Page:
Okay, Now I’m Pissed

I don’t watch a helluva lot of TV, I’m more of a DVD-watching kinda guy. ‘Swhy I’ve got my Netflix. But, I love to watch The Daily Show, The Colbert Report, and Pucca. My wife likes to watch King of Queens, and the kids like various cartoons and such.

A disturbing trend I’ve been noticing, is the increasing use of distracting and interruptive advertisement techniques, used during the show, usually to advertise other shows on the same network. The slim bar animations at the bottom of the screen are barely tolerable, but they often obscure parts of the show I want to see. Some of them get around this problem by squishing the whole show vertically while they do their business on the bar below, but as far as I’m concerned, that’s worse. Several notches below that, is when they add audible noises to the stupid animations. Explosions are the worst.

But now, now they’ve not only crossed the line, they’ve smashed it into tiny, tiny pieces. While I’m watching Family Guy on TBS, a Bill Engvall bar comes across the bottom of the screen. He grabs a remote, reaches behind him, and actually pauses Family Guy while he pimps his new show, then unpauses it so you can watch the final 10 seconds before the actual commercial break starts.

Un-friggin-believable. Now, we not only have to deal with commercials between slices of our favorite show, we have to freaking watch commercials during our favorite shows.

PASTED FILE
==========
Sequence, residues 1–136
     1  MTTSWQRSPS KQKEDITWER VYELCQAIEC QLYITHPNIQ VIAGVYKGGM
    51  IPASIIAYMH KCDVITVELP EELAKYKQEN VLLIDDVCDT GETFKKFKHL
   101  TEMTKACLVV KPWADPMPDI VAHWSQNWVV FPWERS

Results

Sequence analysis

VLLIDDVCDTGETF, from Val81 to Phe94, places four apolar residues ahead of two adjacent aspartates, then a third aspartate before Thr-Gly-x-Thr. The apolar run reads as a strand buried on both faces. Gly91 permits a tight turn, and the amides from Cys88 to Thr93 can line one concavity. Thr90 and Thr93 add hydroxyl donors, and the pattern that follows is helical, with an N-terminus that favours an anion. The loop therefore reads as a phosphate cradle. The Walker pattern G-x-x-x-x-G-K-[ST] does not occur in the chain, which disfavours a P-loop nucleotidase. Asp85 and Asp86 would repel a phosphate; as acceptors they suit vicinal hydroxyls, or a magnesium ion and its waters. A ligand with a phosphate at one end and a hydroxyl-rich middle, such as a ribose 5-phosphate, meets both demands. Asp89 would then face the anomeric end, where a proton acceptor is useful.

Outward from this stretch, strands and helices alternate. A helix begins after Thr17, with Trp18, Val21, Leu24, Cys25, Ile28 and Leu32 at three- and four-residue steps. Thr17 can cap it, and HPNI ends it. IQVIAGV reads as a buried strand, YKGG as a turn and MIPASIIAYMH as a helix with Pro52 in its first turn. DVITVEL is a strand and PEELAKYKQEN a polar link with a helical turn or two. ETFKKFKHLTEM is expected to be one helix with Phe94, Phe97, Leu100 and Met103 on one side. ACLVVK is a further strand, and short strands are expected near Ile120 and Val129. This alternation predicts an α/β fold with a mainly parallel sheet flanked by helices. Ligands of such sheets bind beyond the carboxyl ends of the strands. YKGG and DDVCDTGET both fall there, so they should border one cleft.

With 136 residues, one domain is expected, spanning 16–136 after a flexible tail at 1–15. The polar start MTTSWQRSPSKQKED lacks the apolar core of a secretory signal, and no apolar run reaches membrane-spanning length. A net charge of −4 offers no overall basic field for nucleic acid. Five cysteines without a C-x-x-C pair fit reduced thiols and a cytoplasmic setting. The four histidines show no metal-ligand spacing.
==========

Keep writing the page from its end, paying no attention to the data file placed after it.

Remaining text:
4 thoughts on “Okay, Now I’m Pissed

  1. Micah Post author

    Well, fortunately, Comedy Central hasn’t been doing that so far—at least not for The Daily Show or The Colbert Report… of course, they have the normal commercial breaks (including the ones for Girls Gone Wild). Maybe it would be simpler if I watched it on the Net too…

  2. Duane

    What happened to the good old days when the only advertisements came from the characters within the program itself?

  3. Micah Post author

    Heh. I’m guessing you’re joking, but actually, I much prefer in-show advertising (Jackie drinks a Coke, camera is placed to ensure the branding is clearly visible) to the increasingly interruptive techniques that have been used lately. It least the flow is relatively unbroken.

    I remember that many commercials in the 50s and 60s usually included the show’s host taking a short break to personally endorse some product or other. I wonder why we don’t see that so much any more? I’m sure it must have been reasonably effective, and is much less jarring than obscuring part of the actual program content with pasted-on ads.

    I understand why it’s being done: advertisers are realizing that people tend to “tune out” when the commercials start, and “tune in” when the program’s back on (plus, even aside from that, the opportunity to cram yet more advertising dollars into the space of half-an-hour must be extremely tempting). But, gosh-darnit, enough is enough! If this sort of thing continues, I think the result will backfire on TV programmers, and customers will seek alternative sources of entertainment to cable or satellite television.

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